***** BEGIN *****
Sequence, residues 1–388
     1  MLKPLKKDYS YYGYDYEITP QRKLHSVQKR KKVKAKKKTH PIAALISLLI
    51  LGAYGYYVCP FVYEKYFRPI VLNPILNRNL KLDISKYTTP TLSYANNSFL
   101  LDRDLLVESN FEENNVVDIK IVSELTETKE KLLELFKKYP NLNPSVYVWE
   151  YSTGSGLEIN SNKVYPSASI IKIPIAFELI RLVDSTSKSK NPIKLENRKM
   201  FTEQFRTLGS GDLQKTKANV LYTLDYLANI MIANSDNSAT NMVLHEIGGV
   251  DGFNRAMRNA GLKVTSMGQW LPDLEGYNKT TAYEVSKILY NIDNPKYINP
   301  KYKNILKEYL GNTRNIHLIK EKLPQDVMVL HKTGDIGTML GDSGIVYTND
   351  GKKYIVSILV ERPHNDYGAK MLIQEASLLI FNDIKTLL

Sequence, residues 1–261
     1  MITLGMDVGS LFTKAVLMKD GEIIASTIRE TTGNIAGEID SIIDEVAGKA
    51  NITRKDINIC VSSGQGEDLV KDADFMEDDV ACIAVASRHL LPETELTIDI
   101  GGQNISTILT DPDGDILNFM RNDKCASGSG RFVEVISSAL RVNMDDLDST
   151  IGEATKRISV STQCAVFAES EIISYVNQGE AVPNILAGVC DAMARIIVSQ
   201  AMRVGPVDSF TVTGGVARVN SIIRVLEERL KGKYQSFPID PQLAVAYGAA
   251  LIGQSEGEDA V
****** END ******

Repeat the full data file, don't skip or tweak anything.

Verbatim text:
Sequence, residues 1–388
     1  MLKPLKKDYS YYGYDYEITP QRKLHSVQKR KKVKAKKKTH PIAALISLLI
    51  LGAYGYYVCP FVYEKYFRPI VLNPILNRNL KLDISKYTTP TLSYANNSFL
   101  LDRDLLVESN FEENNVVDIK IVSELTETKE KLLELFKKYP NLNPSVYVWE
   151  YSTGSGLEIN SNKVYPSASI IKIPIAFELI RLVDSTSKSK NPIKLENRKM
   201  FTEQFRTLGS GDLQKTKANV LYTLDYLANI MIANSDNSAT NMVLHEIGGV
   251  DGFNRAMRNA GLKVTSMGQW LPDLEGYNKT TAYEVSKILY NIDNPKYINP
   301  KYKNILKEYL GNTRNIHLIK EKLPQDVMVL HKTGDIGTML GDSGIVYTND
   351  GKKYIVSILV ERPHNDYGAK MLIQEASLLI FNDIKTLL

Sequence, residues 1–261
     1  MITLGMDVGS LFTKAVLMKD GEIIASTIRE TTGNIAGEID SIIDEVAGKA
    51  NITRKDINIC VSSGQGEDLV KDADFMEDDV ACIAVASRHL LPETELTIDI
   101  GGQNISTILT DPDGDILNFM RNDKCASGSG RFVEVISSAL RVNMDDLDST
   151  IGEATKRISV STQCAVFAES EIISYVNQGE AVPNILAGVC DAMARIIVSQ
   201  AMRVGPVDSF TVTGGVARVN SIIRVLEERL KGKYQSFPID PQLAVAYGAA
   251  LIGQSEGEDA V